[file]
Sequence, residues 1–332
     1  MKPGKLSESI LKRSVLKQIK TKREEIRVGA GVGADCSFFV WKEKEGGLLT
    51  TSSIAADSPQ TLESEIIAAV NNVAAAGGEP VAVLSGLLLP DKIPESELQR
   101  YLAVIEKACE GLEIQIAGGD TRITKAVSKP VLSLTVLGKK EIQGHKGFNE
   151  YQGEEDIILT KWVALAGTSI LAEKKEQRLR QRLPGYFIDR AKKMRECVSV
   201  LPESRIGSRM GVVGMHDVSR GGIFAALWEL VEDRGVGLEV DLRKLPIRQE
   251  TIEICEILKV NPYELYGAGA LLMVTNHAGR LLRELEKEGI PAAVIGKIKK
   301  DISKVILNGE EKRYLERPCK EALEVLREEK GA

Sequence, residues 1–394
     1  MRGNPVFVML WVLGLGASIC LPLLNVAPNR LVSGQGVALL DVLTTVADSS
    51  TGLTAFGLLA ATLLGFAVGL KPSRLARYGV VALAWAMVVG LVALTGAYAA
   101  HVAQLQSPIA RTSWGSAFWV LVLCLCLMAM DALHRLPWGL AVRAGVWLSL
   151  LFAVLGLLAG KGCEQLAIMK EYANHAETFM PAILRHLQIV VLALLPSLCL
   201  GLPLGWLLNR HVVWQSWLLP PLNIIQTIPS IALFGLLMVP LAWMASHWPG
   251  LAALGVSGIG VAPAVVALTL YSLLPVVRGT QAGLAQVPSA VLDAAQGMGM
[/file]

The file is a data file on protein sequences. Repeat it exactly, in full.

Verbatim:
Sequence, residues 1–332
     1  MKPGKLSESI LKRSVLKQIK TKREEIRVGA GVGADCSFFV WKEKEGGLLT
    51  TSSIAADSPQ TLESEIIAAV NNVAAAGGEP VAVLSGLLLP DKIPESELQR
   101  YLAVIEKACE GLEIQIAGGD TRITKAVSKP VLSLTVLGKK EIQGHKGFNE
   151  YQGEEDIILT KWVALAGTSI LAEKKEQRLR QRLPGYFIDR AKKMRECVSV
   201  LPESRIGSRM GVVGMHDVSR GGIFAALWEL VEDRGVGLEV DLRKLPIRQE
   251  TIEICEILKV NPYELYGAGA LLMVTNHAGR LLRELEKEGI PAAVIGKIKK
   301  DISKVILNGE EKRYLERPCK EALEVLREEK GA

Sequence, residues 1–394
     1  MRGNPVFVML WVLGLGASIC LPLLNVAPNR LVSGQGVALL DVLTTVADSS
    51  TGLTAFGLLA ATLLGFAVGL KPSRLARYGV VALAWAMVVG LVALTGAYAA
   101  HVAQLQSPIA RTSWGSAFWV LVLCLCLMAM DALHRLPWGL AVRAGVWLSL
   151  LFAVLGLLAG KGCEQLAIMK EYANHAETFM PAILRHLQIV VLALLPSLCL
   201  GLPLGWLLNR HVVWQSWLLP PLNIIQTIPS IALFGLLMVP LAWMASHWPG
   251  LAALGVSGIG VAPAVVALTL YSLLPVVRGT QAGLAQVPSA VLDAAQGMGM